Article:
Who’s Gouging Europe On Natural Gas Prices? Look To The Middle Man

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Neither the U.S. government nor its drillers are responsible for the high prices Europe is paying to import American natural gas, an industry expert said this week.

Anna Mikulska, who studies the geopolitics of natural gas, said the price derives from the seller’s response to the market.

“U.S. is a big supplier of European natural gas, but it’s not the U.S. producers,” said Mikulska, a fellow with the Baker Institute’s Center for Energy Studies. “It’s the companies that buy the gas from U.S. producers, and it usually goes where the price is highest.”

German Economy Minister Robert Habek accused the U.S. and other nations Tuesday of charging excessive prices for natural gas. The largest exporter of U.S. Liquified Natural Gas, Houston-based Cheniere Energy Partners, did not reply to a request for comment.

European Storage Full

Europe seems to be meeting its goal of storing sufficient supplies of natural gas for the coming winter, Mikulska said, an outlook shared by Goldman Sachs and the International Energy Agency.

“Currently the storage is at a very high level, sometimes 100 percent, most of the time beyond 80 percent,” Mikulska said Wednesday during the Baker Institute’s winter market update. “Europe really wanted this time around to have their storage full. They kind of learned a lesson last winter that it’s not a good thing (to have it less than full) especially if the supply is not given or is uncertain.”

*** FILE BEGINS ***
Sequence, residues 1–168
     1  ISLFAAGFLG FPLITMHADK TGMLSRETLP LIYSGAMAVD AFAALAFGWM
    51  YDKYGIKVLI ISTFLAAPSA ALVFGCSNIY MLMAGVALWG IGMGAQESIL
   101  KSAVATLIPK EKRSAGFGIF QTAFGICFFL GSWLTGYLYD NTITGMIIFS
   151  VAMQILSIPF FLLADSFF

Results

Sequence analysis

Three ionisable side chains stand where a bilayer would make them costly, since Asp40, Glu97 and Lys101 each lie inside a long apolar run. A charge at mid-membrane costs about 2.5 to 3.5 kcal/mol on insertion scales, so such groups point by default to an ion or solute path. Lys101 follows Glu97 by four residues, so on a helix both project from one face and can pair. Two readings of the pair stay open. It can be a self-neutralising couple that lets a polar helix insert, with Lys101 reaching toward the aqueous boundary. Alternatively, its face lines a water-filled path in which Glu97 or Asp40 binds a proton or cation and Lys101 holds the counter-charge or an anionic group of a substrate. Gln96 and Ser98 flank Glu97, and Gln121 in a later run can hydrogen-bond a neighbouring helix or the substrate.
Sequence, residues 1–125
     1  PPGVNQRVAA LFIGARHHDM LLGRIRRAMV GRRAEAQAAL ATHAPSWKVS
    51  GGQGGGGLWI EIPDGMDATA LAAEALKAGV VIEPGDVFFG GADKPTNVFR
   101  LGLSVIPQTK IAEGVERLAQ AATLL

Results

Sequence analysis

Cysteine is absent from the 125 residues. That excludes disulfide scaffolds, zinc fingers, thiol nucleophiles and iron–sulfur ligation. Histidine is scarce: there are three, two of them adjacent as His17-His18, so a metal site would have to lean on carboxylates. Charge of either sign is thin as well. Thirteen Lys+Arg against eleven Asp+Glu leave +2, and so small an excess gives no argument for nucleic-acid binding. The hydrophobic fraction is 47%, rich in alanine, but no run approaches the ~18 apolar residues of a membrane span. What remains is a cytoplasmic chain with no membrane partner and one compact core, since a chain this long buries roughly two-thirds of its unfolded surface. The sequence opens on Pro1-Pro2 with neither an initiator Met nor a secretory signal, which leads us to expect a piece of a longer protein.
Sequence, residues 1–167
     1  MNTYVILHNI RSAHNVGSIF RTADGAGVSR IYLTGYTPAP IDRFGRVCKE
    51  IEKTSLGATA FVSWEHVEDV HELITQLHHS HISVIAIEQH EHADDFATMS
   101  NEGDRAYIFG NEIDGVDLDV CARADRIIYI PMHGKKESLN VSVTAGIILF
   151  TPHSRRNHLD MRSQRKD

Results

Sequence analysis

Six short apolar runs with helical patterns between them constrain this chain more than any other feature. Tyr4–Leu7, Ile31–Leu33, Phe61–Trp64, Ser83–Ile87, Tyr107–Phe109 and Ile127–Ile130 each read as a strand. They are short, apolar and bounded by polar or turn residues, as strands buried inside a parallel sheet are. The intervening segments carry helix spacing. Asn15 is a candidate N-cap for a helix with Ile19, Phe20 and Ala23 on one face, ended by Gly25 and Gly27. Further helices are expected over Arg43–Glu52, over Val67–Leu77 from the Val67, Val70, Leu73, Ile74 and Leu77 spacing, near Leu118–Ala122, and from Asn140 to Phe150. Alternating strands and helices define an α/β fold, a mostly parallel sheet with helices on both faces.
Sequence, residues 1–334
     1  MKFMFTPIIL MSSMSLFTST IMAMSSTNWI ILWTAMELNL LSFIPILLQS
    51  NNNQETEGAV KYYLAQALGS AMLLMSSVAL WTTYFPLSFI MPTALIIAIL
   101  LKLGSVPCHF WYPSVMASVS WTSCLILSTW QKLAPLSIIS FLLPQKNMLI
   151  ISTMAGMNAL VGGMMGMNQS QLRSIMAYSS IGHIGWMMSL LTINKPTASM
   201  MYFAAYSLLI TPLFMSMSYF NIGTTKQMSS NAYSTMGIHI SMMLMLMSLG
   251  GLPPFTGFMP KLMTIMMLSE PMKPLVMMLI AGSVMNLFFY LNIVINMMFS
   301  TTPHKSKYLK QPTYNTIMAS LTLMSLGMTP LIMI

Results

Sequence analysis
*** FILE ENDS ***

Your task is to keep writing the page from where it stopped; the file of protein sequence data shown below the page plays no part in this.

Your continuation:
Europe bolstered its storage not only by importing more gas from alternative sources, but by restricting industrial use of natural gas, which has some companies shifting production outside of Europe.

“This did not come at zero cost,” she said. “It came at a cost of cutting down demand in industry. And that’s the big story of this winter and the year coming forward. It’s not only about the inability to heat houses, which obviously is something that you are going to prevent, but it’s about the ability of Europe to recover going forward from the industrial downturn that cutting supply of gas to industry has caused.”

A cold winter could fracture European unity, she added, because each EU country has its own energy policy, and they could compete or conflict.

“If it’s very cold we will see, probably, it’s going to be a trial to the European solidarity and ability for Europe to manage its demand as a whole.”

Summer may not bring much relief next year, either, she added, if Europe has to refill its storage without any Russian gas. “That might be challenging,” she said.

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